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Fiction

Essential Norwegian Fiction

recommended by Roy Jacobsen

Sagas old and new, from Gisli Sursson’s trials to Knausgård’s struggle, form the backbone of Roy Jacobsen’s selection of essential fiction from Norway, a country that is like ‘a black and not very polished diamond’, and where writers and readers seek out the human, ‘no matter how awkward, grandiose, sentimental, nostalgic, embarrassing, hyperbolic, stupid, hilarious or dangerous it may be’

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Roy Jacobsen

Roy Jacobsen is a Norwegian novelist and short-story writer, winner of the distinguished Norwegian Critics Prize for Literature, and a member of the Norwegian Academy for Language and Literature. His most recent novel, The Unseen, has been shortlisted for the 2017 Man Booker International Prize

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Roy Jacobsen

Roy Jacobsen is a Norwegian novelist and short-story writer, winner of the distinguished Norwegian Critics Prize for Literature, and a member of the Norwegian Academy for Language and Literature. His most recent novel, The Unseen, has been shortlisted for the 2017 Man Booker International Prize

Save for later
 

I was talking to Dorthe Nors about contemporary Scandinavian literature the other day and she said that Norwegian literature is having something of a new golden age. Do you think this is true? In what way? 

I guess she has a point, at least we have a lot of contemporary authors who are quite successful both at home and abroad. These are also very different voices, not one of them can easily be put in a category with the other. We also have an interested and well-informed readership, as well as good and organised systems for supporting and spreading literature.

But I am not sure there is a simple reason for this contemporary wellbeing—I have always been a little bit sceptical towards sociological or historical explanations for this or that in such an individual profession as ours.

She said the Norwegians are able to get away with a lot more emotion in their writing than the Danes, which I found an interesting observation. She said “There’s more pathos in the Norwegians”. Would you agree?

Yeah, she is right, we tend not to stay away from anything human, no matter how awkward, grandiose, sentimental, nostalgic, embarrassing, hyperbolic, stupid, hilarious or dangerous it may be. If Denmark is a bright and shining diamond, Norway is a black and not very polished one.

Before we talk about your first book, Gisli Sursson’s Saga, a general question: how important are the Icelandic sagas to Norwegian literature and our understanding of it? Do Norwegian schools spend a lot of time on them, as, in the UK, we do on, say, Chaucer and Shakespeare?

I am afraid not too many of my colleagues share my fascination for the old sagas. They are still—to a certain extent—taught in school, but I wish I could say that of all the things that were bad when I grew up, the knowledge of the saga tradition was not one of them.

That does not mean, however, that contemporary Norwegian literature is not influenced by the sagas, when it comes to style, wit, irony, the soft spot for realism—and especially the main subject of the sagas. It is at least not easy to pick one modern Norwegian writer who—sooner or later in his or her career—does not elaborate on the twin questions, Who am I? And where do I come from? A perhaps more frequently asked question in young nations than in older ones. Norway is still quite young and unshapen as was Iceland in the 12th century. Just look at our love for childhood and coming-of-age stories.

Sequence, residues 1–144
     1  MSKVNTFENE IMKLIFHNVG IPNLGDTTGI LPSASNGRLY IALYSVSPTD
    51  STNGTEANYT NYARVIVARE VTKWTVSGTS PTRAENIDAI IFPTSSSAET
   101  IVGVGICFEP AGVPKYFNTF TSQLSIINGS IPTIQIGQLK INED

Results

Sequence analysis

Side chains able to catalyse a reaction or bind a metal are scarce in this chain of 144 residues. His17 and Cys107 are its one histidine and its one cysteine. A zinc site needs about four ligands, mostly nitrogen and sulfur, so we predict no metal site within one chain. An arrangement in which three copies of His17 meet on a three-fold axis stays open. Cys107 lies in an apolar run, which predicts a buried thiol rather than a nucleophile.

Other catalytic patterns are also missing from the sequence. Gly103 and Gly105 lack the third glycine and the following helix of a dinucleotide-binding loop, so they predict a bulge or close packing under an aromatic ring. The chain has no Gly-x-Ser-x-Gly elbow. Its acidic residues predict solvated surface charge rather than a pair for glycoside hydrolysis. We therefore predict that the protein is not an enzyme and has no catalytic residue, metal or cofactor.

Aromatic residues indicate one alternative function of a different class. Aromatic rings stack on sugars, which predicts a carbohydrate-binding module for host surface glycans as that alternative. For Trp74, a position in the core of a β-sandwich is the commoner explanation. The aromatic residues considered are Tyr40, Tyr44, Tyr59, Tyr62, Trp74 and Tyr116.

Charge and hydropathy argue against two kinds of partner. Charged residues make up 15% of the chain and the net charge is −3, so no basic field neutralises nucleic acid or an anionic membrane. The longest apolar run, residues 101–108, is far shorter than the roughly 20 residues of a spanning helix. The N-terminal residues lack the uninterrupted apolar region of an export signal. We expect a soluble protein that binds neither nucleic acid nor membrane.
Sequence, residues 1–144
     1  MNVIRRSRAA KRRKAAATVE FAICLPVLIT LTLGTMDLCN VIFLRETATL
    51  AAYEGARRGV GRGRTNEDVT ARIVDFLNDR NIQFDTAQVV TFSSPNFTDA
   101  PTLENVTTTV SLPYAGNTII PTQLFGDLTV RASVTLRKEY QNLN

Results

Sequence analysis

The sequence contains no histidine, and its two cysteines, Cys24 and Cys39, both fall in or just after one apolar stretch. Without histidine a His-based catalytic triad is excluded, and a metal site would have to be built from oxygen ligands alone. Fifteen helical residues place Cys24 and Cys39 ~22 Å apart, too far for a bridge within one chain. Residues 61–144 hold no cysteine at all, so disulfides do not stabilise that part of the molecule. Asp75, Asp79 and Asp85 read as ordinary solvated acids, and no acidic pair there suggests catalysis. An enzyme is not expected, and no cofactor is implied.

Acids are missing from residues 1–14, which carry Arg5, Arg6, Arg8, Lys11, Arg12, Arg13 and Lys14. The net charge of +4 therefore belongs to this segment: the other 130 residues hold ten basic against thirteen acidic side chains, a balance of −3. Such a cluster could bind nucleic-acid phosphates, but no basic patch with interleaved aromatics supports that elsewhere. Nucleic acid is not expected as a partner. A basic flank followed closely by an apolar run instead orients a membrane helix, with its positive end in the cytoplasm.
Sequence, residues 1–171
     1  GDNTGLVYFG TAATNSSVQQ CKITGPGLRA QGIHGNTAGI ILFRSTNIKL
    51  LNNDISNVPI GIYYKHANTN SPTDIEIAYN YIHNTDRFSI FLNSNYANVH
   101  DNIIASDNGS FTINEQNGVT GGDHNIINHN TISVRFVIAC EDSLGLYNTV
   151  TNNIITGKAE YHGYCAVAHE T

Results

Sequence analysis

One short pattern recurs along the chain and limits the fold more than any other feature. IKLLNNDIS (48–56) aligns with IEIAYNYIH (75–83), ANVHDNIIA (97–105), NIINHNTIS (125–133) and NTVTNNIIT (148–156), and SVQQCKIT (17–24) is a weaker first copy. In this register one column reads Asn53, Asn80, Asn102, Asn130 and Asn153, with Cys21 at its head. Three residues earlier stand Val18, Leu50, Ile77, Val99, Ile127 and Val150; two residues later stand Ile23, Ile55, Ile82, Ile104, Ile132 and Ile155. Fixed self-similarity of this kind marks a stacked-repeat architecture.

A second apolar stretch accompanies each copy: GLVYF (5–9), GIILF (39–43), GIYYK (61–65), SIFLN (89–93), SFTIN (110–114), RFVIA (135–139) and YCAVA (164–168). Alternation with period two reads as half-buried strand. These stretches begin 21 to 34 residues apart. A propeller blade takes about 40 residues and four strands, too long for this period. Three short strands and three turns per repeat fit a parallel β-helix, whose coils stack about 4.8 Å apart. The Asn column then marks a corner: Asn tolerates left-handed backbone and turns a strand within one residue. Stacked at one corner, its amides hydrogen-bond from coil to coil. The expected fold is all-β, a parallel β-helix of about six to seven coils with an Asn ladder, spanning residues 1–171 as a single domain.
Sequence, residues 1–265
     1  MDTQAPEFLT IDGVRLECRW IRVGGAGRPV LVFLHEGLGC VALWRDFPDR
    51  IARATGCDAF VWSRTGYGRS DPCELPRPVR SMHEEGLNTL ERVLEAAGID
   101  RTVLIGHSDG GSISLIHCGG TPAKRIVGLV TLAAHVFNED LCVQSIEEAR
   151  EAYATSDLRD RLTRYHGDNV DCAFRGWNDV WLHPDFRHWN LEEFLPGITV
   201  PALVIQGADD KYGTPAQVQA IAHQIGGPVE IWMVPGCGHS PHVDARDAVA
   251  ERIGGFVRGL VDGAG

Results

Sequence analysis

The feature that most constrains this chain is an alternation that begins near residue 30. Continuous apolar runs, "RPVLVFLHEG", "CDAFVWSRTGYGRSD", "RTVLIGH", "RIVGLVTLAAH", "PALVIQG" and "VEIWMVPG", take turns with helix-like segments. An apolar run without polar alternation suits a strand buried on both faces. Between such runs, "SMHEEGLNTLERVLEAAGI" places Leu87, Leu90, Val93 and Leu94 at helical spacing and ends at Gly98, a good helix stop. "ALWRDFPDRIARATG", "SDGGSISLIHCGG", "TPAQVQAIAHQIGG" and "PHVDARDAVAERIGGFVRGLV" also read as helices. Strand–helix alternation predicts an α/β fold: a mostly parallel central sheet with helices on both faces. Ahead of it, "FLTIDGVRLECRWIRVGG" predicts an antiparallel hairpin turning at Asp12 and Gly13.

In Gisli Sursson’s Saga, the characters and the action move between Norway and Iceland in a chain of dark and fateful events. What is the story?

Too complicated to be retold, so take my word for it: it is a flawless, beautifully written and complex mix of family saga, love story and crime novel with an unknown culprit. It is helpful to know the values of the society the story is set in, its social, political and anthropological context, but a modern middlebrow should be more than capable of pointing out the villain—this is realism. It is a masterpiece that can be measured against almost anything in the literary canon.

And all the criminal events are set in motion by two wives gossiping?!

Not quite—it is set in motion by the reality behind the gossip, the true minds of the characters whom the women are gossiping about. Fate is at work, i.e., both man and woman are to take their part of the blame.

It’s also an exploration of masculinity and brotherhood, isn’t it? 

Absolutely. It’s a novel about a wonderful brotherhood that no sane person would dream of breaking up—apart from through love and death. And it is an even more beautiful love story: between man and woman.

The central message seems to be that vengeance begets vengeance, violence begets violence.

As you said—vengeance begets vengeance, violence begets violence—that is the backbone of fate, but it is also important to remember that in no saga does it go on forever, till the last man standing so to speak.

“Norway is still quite young and unshapen as was Iceland in the 12th century—just look at our love for childhood and coming-of-age stories”

There are lots of remedies to break the spiral of violence and vengeance, and that’s where the saga ceases to be just a retelling of fate—to be an exemplum—and turns into pragmatism and realism, stories of real men and women.

After all the bloodshed and multiple deaths, it ends neatly with one of the wives caught gossiping at the beginning—Aud, who was admittedly very loyal to her now dead husband—converting to Christianity and making a pilgrimage to Rome, leaving Iceland behind forever. Is this a typical ending? There is this idea of being between two different worlds, two different ages, which comes up again and again in the books you’ve chosen.